|Home||The Project||B.subtilis Chassis||Wet Lab||Dry Lab||Notebook|
Why B. subtilis?
This page offers a brief overview of how B. subtilis meets our main project specifications - to a much higher degree than E. coli! You'll find information on the main mechanisms behind our proposed system and some very interesting biology too. If you would like even more in-depth information, please click on Details under each section.
To achieve accurate distribution of our biofabricators, we must first exert fine control over their motility. Bacteria's primary method of getting about is via flagellar locomotion. A protein ring on the cell membrane is attached to the flagellum and rotates during locomotion, acting like a propeller to push the cell through its environment.
The precise mechanism of how this works in B. subtilis has recently been elucidated. The flagella can be detached from the rotor by expression of a clutch molecule that interacts with the flagella and distorts it, so it is disengaged from the rotor protein. Control over the expression of this clutch should allow us to control the bacteria very quickly. When we want the bacteria to stop, we trigger expression of the clutch, which halts movement.
To draw a parallel with a car, currently available synthetic methods of stopping bacteria are akin to destroying the engine. Our method is analogous to putting the car into neutral - disengaging the engine from the driveshaft. It is an elegant solution that offers us quick control and also the opportunity for quick reversal (putting the car back into "drive").
We need a trigger - a stimulus that our biofabricators can detect and respond to quickly - such that we can control the synthesis of our biomaterial in a set pattern in 3D.
Light is the most obvious candidate, as holography allows us to generate complex patterns with well defined edges in 3D. After examining a number of light sensing pathways, we decided to utilise a native pathway involving YtvA, which is a protein used by B. subtilis to detect blue light. YtvA triggers a cascade of interactions, but some way down the chain, a molecule called sigma B (σB) is produced. This, in turn, boosts the synthesis of YtvA.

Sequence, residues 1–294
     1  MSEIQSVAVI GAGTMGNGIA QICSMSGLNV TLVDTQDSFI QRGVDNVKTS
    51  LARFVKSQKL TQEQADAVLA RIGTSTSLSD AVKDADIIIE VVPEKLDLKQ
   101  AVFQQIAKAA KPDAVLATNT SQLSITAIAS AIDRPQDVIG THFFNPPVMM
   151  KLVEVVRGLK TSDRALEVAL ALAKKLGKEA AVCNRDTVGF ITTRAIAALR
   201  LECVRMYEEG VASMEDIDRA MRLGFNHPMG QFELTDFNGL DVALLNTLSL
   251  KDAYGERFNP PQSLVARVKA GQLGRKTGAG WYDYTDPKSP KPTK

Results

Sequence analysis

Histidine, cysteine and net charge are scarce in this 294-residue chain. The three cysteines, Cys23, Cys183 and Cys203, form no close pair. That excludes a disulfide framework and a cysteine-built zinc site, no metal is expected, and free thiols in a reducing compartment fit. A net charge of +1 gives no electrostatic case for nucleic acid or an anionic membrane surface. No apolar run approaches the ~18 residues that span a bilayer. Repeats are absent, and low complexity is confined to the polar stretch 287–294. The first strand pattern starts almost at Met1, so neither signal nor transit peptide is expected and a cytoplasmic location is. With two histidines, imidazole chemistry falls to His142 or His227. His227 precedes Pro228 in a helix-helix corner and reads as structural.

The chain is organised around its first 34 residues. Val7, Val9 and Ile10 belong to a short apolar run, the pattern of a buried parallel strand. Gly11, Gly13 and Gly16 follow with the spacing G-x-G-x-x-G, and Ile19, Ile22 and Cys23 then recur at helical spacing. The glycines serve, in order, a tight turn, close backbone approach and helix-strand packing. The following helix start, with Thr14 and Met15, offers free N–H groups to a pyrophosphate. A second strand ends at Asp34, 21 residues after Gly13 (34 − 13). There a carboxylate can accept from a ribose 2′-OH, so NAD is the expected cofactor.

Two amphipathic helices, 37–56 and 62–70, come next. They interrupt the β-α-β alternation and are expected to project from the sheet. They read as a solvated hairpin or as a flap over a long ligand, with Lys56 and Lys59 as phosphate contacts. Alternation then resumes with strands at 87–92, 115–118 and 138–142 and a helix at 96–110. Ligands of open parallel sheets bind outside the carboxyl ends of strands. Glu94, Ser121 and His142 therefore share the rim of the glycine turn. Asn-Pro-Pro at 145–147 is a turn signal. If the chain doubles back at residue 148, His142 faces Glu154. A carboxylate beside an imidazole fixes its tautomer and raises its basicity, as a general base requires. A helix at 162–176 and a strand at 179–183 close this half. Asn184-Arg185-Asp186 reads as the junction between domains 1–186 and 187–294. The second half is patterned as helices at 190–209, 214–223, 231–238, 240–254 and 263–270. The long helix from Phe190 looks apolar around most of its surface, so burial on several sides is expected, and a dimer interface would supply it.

We plan to over-express YtvA and use σB as a promoter for genes which stop movement and produce biomaterial. Therefore, when the bacteria detect blue light, those genes will turn on, the bacteria will stop and biomaterial synthesis will begin.
After our bacteria are positioned correctly, they need to express a biomaterial. B. subtilis is Gram-positive, meaning it has only a single membrane as opposed to a double membrane in Gram-negative bacteria like E. coli. This means that the expression of a biomaterial is a lot more tractable; biomaterial can be produced and secreted more efficiently. With a double membrane, material may accumulate inside the cell and the efficiency of biomaterial production can be significantly lower.
Another important aspect of our biomaterial specifications is what we want to secrete. We did a lot of research on this and decided to express elastin peptides and EAK16-II. Both are small peptides and their molecular structures favour their self-assembly outside the B. subtilis cells to form 3D bio-scaffolds.
3D bio-scaffolds are very useful for tissue culture and regenerative medicine, as they offer a suitable 3D enviroment for implanted cells to grow and proliferate. A good analogy would be scaffolding used in the construction industry. Our blue-sky aim is to construct a genetically-engineered machine that can fabricate bio-scaffolds with precise 3D shapes, directed by 3D holography.
So B. subtilis fulfils our main specifications perfectly, and can be made to meet our minor specifications with relatively ease. On top of that, it does have other benefits, along with some challenges. These are listed on the next page, together with an overview of our development of B. subtilis as a chassis. > Benefits vs Challenges >